How to create an image problem
For a town that has invested so much energy and money into trying to reinvent its image in recent months, some might say the Carbonear town council is one vote away from throwing it all away.
Members of council are now grappling with a proposed new policy for lesson registration at the swimming pool that would move Carbonear residents to the front of the line. Here’s why: Carbonear taxpayers subsidize the pool to the tune of some $150,000 annually, and some Carbonear residents have complained to their elected officials that they have been unable to enrol their children in time slots that are convenient for their work schedules, or, in some cases, have been turned away altogether because all the slots have been filled.
Up to now, pool staff have used a four-day rotating alphabetical system that ensures all users — regardless of their place of residence — have a fair and equal opportunity to line up at the pool and register. In other words, a child whose last name starts with the letter “A” may get to register on Day 1 for the fall session, but would be bumped back to Day 4 for the winter session.
The system has received its share of complaints, but up to now, many have regarded it as the most unprejudiced way of doing things.
That could all change in January if a majority of councillors vote in favour of a system that would allow Carbonear residents to register on Day 1, and non-residents to register on Day 2, 3 and 4. It would be similar to a system used in St. John’s, where city residents can register in recreation programs the first week, and non-residents are eligible in Week 2.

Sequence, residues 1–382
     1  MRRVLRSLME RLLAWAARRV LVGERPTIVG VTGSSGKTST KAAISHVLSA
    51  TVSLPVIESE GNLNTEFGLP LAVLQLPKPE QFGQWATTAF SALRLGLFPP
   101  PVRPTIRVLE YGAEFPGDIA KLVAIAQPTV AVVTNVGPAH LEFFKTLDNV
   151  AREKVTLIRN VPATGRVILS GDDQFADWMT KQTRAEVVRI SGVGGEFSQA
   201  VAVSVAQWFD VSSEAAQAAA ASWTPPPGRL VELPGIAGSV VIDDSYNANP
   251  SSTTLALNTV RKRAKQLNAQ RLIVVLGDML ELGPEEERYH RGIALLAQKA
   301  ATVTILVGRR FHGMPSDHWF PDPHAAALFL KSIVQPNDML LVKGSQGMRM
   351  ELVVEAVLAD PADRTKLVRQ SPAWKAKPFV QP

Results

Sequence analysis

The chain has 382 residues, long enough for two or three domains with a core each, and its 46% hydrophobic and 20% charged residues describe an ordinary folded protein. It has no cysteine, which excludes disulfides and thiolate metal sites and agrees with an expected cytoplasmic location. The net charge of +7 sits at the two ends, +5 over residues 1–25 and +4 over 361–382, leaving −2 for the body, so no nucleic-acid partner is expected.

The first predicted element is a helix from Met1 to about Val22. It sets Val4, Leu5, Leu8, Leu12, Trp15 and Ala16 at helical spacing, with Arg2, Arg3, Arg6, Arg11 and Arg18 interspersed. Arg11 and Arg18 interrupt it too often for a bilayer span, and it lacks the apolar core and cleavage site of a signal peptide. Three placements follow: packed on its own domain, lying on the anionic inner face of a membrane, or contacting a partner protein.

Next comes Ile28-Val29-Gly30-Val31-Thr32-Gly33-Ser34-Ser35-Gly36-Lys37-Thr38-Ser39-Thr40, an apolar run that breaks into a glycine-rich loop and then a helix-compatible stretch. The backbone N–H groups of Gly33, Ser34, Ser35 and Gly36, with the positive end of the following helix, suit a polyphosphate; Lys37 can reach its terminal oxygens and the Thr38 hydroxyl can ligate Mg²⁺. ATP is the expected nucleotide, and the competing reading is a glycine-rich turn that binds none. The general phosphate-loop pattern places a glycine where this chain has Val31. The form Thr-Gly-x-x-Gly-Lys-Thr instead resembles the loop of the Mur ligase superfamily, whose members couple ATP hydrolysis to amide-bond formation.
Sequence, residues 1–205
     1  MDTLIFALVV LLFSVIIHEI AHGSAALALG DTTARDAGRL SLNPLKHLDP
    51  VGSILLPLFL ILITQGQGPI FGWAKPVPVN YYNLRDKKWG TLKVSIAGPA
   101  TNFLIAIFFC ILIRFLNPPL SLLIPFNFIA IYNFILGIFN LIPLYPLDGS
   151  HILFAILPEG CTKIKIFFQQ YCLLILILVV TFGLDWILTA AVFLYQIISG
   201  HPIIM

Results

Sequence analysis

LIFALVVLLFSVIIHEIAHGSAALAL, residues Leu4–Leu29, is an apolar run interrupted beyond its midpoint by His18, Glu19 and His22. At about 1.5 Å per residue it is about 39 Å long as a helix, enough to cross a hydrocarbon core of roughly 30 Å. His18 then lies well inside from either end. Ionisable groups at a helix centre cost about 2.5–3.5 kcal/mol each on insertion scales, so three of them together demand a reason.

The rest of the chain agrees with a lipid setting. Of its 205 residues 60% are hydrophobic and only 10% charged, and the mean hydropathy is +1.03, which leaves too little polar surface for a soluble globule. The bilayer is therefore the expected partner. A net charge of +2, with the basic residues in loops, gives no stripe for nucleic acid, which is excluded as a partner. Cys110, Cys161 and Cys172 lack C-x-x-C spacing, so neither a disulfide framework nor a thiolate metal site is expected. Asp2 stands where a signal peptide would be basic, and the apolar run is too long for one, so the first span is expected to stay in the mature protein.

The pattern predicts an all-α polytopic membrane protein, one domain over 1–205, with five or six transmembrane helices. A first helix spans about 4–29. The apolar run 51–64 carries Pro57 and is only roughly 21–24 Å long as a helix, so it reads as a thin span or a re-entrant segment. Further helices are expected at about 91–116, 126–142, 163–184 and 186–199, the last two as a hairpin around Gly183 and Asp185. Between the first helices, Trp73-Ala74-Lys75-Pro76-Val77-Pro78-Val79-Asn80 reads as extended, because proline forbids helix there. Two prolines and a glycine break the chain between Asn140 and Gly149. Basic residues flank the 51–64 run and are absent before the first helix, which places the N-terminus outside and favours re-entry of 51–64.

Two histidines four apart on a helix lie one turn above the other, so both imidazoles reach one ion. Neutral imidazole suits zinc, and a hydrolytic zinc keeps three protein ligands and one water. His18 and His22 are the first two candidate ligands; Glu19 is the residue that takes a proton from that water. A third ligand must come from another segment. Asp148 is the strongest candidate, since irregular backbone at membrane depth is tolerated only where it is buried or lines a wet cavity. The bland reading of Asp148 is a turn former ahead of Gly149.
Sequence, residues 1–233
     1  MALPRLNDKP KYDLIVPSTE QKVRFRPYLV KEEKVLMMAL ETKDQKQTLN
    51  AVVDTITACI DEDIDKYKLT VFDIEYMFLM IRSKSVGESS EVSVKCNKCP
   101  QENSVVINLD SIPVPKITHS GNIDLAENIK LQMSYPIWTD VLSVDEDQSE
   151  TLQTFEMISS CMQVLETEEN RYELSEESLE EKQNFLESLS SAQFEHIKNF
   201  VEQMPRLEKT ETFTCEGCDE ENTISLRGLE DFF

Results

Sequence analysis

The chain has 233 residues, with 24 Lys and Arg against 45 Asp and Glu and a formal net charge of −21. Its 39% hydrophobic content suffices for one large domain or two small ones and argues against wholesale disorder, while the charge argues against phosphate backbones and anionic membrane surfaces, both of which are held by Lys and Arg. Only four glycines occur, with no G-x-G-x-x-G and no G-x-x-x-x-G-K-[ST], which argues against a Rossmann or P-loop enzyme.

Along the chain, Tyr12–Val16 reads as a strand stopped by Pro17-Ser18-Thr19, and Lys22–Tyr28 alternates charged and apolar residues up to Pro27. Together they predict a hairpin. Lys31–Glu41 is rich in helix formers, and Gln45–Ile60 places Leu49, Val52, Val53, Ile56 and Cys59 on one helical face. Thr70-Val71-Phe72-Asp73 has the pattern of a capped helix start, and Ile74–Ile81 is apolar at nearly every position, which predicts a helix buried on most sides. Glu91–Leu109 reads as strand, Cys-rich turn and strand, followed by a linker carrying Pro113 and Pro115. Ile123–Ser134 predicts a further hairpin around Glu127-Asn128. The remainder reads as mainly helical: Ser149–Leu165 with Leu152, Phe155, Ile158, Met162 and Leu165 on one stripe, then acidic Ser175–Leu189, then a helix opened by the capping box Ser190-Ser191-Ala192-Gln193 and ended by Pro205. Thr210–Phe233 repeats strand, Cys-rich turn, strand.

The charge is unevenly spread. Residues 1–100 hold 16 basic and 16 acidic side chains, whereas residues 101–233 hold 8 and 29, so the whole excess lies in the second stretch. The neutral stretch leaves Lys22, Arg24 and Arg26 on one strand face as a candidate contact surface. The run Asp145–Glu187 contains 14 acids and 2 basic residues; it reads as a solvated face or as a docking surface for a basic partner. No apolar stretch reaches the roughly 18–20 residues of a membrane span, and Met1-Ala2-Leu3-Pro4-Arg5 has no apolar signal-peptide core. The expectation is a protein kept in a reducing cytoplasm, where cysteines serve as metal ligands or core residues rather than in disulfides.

The two-tiered system is generating plenty of debate, with Mayor Sam Slade describing it as one of the toughest decisions ever faced by council, and he refused to give his opinion on the matter when contacted last week. Some non-resident pool users haven’t been so reluctant, however, and have made it clear they feel the policy is discriminatory and have threatened to boycott the pool, businesses and other Carbonear services if it is adopted.
This reaction from non-residents is hardly surprising. Who wants to be moved to the back of the line simply because they live in a neighbouring community? Just the notion of it flies in the face of everything we teach our children.
To put it bluntly, it’s objectionable. It would likely cause enormous harm to Carbonear’s self-proclaimed title as “Hub of the Bay,” and would send a message to non-residents who recreate, shop and work in Carbonear that they are not appreciated. That’s not helpful in an age when many leaders, including those in Carbonear, are preaching regional co-operation at every opportunity.
If anything, council members should consider this pool subsidy an investment. The pool attracts people from throughout the region for swimming lessons, birthday parties, fitness programs and more, bringing them all closer to the many businesses that operate in Carbonear. The pool is also a major selling point as Carbonear seeks to attract new residents and commercial investment.
It’s understandable that municipal leaders in Carbonear want to protect the interests of their constituents, but at what cost? And using St. John’s as a model is hardly fair, given that Carbonear has the only yearround aquatic centre in the Trinity-Conception region.
To implement a Carbonear-first policy at the pool would be a step in the wrong direction, and would put up the kind of walls people have been trying to dismantle for many years. There’s got to be a better way.
— Terry Roberts